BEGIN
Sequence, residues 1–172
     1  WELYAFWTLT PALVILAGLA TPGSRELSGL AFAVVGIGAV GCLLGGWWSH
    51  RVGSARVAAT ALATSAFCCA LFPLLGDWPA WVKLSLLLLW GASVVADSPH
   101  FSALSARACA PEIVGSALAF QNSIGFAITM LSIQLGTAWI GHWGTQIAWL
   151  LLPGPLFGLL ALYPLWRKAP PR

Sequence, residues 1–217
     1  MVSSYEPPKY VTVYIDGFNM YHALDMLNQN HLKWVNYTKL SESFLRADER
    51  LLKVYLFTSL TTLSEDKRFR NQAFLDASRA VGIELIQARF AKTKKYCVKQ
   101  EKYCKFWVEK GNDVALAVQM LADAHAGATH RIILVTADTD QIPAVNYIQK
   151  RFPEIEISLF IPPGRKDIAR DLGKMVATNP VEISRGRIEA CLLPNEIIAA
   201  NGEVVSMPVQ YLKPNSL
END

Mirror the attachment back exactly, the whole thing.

Sequence, residues 1–172
     1  WELYAFWTLT PALVILAGLA TPGSRELSGL AFAVVGIGAV GCLLGGWWSH
    51  RVGSARVAAT ALATSAFCCA LFPLLGDWPA WVKLSLLLLW GASVVADSPH
   101  FSALSARACA PEIVGSALAF QNSIGFAITM LSIQLGTAWI GHWGTQIAWL
   151  LLPGPLFGLL ALYPLWRKAP PR

Sequence, residues 1–217
     1  MVSSYEPPKY VTVYIDGFNM YHALDMLNQN HLKWVNYTKL SESFLRADER
    51  LLKVYLFTSL TTLSEDKRFR NQAFLDASRA VGIELIQARF AKTKKYCVKQ
   101  EKYCKFWVEK GNDVALAVQM LADAHAGATH RIILVTADTD QIPAVNYIQK
   151  RFPEIEISLF IPPGRKDIAR DLGKMVATNP VEISRGRIEA CLLPNEIIAA
   201  NGEVVSMPVQ YLKPNSL